Admitting it has experienced some wear-and-tear issues with newly installed recyclable carpet tiles on its Boeing 737s Southwest Airlines has begun evaluating an alternative solution, the APEX editor’s blog can exclusively reveal.
Southwest last year made big headlines in the aircraft interiors world when it choose environmentally friendly carpet tiles for its new EVOLVE interior, which is being retrofitted to current 737-700s and installed line-fit on Southwest’s 737-800s.
Boeing co-developed the concept along with carpet manufacturer Interface – formally known as InterfaceFLOR – and industrial design firm Teague, and Southwest initially flew the product on its so-called ‘green’ plane.
More than 100 aircraft have been fitted with the carpet tiles as part of the EVOLVE programme, confirms Southwest senior manager, culture and communications Marilee McInnis. But the carrier has observed a fraying of edges on some of the tiles. “Where it’s occurring is where it hits the hard surface – where the aisle hits the galley. So carpet to carpet is no problem,” says McInnis.
She says the carrier is trying to find out “why it’s happening and how to fix it and Interface has been a great partner and is working diligently to do that”.
Adds McInnis: “As you know, carpet tiles have never been used on an airplane before so whenever you try something new you go through testing after testing after testing. We carry more customers per year than any other airline in the United States so there are lots of people getting on and off the aircraft so we are learning some lessons.
“We’re learning what patterns look best on the aircraft, which show the least amount of wear. Interface has been a great partner in continually trying to improve the carpet for us, so we’re trying different iterations of the carpet, and are continuing [to roll out] Interface carpet on board.”
Speaking to the APEX editor’s blog at last week’s Aircraft Interiors Expo, Americas in Seattle, Interface segment VP, transportation Jaime Lanier said: “First, we are continuing to supply material to Southwest. As in any pioneering effort, and especially in the aircraft interiors market, you are going to encounter challenges neither you nor your client anticipated. It is no different here with Southwest as we strive to make an ultimate aircraft carpet tile for them and the industry.
“We are making some changes to accommodate the new interior for Southwest that did not present themselves during the initial testing. Those are underway as we speak. We are partnering with Southwest to resolve this issue, continue to service them to provide a satisfactory product while our product is in service, and both senior management’s have met to confirm our commitments to each other through these changes and evaluations.”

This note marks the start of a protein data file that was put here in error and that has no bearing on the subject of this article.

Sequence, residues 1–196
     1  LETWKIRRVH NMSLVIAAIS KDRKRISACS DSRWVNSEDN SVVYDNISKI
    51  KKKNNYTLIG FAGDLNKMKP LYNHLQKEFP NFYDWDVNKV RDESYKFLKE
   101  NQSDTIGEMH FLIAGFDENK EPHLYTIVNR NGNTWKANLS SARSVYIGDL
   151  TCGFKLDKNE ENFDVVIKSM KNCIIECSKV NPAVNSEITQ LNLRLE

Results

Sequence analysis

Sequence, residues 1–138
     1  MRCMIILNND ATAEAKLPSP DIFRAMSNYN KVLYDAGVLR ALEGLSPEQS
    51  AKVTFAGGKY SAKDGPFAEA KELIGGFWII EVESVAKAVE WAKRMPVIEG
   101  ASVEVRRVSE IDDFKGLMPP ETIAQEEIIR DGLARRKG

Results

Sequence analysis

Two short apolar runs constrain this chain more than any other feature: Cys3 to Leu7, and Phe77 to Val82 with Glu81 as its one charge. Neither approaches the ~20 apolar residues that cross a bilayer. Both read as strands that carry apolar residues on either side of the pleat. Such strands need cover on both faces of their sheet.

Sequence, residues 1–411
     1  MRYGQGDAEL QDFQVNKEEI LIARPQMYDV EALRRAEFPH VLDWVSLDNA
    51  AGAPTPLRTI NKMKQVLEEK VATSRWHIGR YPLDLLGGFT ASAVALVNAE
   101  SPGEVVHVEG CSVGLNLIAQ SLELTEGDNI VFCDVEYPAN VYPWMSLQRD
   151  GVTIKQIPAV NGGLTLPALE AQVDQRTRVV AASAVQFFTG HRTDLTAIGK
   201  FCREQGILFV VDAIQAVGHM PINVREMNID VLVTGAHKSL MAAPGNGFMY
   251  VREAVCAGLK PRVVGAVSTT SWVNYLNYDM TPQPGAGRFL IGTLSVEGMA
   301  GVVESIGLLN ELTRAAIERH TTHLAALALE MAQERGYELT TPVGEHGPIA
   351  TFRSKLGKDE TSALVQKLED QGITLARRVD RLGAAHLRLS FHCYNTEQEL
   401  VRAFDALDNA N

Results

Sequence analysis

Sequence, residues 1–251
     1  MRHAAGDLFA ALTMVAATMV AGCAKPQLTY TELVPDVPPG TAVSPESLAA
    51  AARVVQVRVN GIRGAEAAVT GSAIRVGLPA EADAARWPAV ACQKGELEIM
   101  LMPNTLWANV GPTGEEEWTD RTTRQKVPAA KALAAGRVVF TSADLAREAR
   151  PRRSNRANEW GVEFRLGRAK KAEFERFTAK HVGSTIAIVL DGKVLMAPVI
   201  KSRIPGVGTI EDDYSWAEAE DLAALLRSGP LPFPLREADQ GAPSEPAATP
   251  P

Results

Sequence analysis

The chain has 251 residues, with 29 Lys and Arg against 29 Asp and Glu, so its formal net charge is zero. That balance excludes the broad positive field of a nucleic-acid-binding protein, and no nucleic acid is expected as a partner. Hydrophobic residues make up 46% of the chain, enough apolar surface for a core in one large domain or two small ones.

Whilst testing and refining continues, Southwest confirms it has begun evaluating another product from its previous carpet supplier, Mohawk Aviation Carpet. In the commercial market, Mohawk has been taking recycled water bottles and turning them into carpet fibre for years, but everything that it has manufactured for the last six to eight months – including aircraft carpet – has included this post consumer recyclable content.
“That’s the other carpet we’re currently testing,” says Southwest’s McInnis. “Right now, I think it’s on a single aircraft and I don’t know what the immediate plans are to increase the test.” She confirms, however, that the Interface and Mohawk products are the only two carpets being tested at this time.
Mohawk manager, aviation sales David Sandiford says airlines have been challenging the company to pull weight out of carpets, “and our opinions from our analysis is there is no better performing product at the lower weights than woven carpets”.
Typically in the commercial world, says Sandiford, “You make carpet tiles a very thick and heavy product and there’s a multitude of reasons for that – one is you want it to lay flat on whatever environment that you’re laying it onto. Concrete typically is a standard installation.
“And when you cut those tiles out into that tile shape, you’ve got have to have enough latex and binders on the back that the edges won’t fray. So the lighter-weight you make the carpet, the less material holding all that stuff together, the more opportunity for edge fray and edge ravel of the carpet on board the aircraft. So when people abrade the carpet with their feet, pull carts over it, things like that, the edges [can fray].”
The efficiency gains of the tile, including the ability to trade out a carpet tile that has a stain or a piece of gum on it without having to replace all the carpet, as well as durability and sustainability, is what attracted Southwest to the Interface product in the first place, says McInnis. “Those are still important to us but we have to make sure we have the durability we want and that’s where the testing comes in.”
If Southwest were to move away from carpet tiles, she notes, “It would be because we don’t think tiles are a viable alternative. The alternative we would look at would not be tiled carpet.”
Interface, meanwhile, lauds the continued partnership between Southwest, Interface and Boeing. Says Interface director, transportation products Kippen Westphal: “In general, as developmental partners, no one company can do it on their own and so you link to one another to gain the strength that it takes to be innovative in a highly regulated industry.”